Grassland Animals

Brown Hyena
Brown Hyena
Class: Mammalia: Mammals Diet: Carrion
Order: Carnivora: Carnivores
Size: body:11.1 - 1.2 m (3 1/2 - 4 ft), tail: 25 - 30 cm (9 3/4 - 11 3/4 in)
Family: Hyaenidae: Hyenas Conservation Status: Lower risk - Near threatened
Scientific Name: Hyaena brunnea Habitat: dry savanna, plains, semidesert
Range: Africa: Angola to Mozambique, south to Northern South Africa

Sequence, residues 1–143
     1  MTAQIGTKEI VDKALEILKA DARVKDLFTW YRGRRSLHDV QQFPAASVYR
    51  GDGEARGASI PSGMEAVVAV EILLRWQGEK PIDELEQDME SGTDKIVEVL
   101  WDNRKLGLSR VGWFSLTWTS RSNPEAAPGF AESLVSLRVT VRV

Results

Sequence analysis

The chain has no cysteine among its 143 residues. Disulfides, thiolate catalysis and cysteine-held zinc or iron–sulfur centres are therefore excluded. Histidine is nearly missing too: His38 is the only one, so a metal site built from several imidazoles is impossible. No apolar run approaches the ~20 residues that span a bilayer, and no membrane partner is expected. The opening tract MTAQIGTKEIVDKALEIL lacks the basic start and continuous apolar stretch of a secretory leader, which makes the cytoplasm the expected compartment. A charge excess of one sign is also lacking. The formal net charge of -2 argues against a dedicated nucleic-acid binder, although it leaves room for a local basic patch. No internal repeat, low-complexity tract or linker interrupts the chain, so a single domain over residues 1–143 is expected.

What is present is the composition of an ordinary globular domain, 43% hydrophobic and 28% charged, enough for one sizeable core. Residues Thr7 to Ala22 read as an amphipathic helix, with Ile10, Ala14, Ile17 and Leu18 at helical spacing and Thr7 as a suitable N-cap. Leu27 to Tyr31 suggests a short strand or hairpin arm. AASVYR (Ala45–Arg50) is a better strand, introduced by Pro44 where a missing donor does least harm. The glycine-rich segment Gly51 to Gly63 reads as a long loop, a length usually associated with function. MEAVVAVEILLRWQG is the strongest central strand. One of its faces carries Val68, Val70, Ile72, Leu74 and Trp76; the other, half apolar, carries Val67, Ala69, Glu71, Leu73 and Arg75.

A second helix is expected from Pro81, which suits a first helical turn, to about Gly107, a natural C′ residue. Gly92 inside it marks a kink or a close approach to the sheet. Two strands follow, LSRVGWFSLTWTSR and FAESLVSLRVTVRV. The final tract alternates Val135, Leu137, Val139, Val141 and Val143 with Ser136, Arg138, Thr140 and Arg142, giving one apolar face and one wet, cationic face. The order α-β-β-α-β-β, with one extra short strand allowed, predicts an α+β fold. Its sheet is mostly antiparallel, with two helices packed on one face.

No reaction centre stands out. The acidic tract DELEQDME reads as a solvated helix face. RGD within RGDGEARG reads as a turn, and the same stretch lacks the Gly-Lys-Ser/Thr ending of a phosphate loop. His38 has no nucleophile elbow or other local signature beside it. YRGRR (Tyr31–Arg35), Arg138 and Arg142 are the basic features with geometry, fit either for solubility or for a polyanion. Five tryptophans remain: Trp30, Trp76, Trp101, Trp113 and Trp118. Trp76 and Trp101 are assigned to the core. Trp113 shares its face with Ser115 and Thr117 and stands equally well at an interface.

Size of Brown HyenaTypical of its family, with a bulky head and back sloping toward the rear, the brown hyena has long, rough hair over much of its body, with a mane of even longer hair on the neck and shoulders. This hyena is usually dark brown to brownish-black in color, with a lighter-brown mane and legs. Unless in a family group, the brown hyena is solitary, but it sometimes gathers with others in a hunting pack or at a big carcass. It lives in a large territory, which it marks with secretions from anal scent glands and with feces. Range of Brown Hyena During the day, the brown hyena sleeps among rocks or tall grass. Otherwise, it may find a burrow, often one left by another animal, such as an aardvark. It emerges at night to find carrion or to hunt prey such as rodents, birds, including poultry, reptiles or wounded large animals. Near the coast, brown hyenas also feed on dead fish, mussels and the stranded corpses of seals and whales. A litter of 2 to 4 young is born in a burrow after a gestation of 92 to 98 days. The young are suckled for about 3 months but remain with their parents for up to 18 months, during which the male brings them food. Although protected in game reserves, brown hyenas are considered pests because of their habit of attacking livestock, and large numbers have been killed by farmers. 


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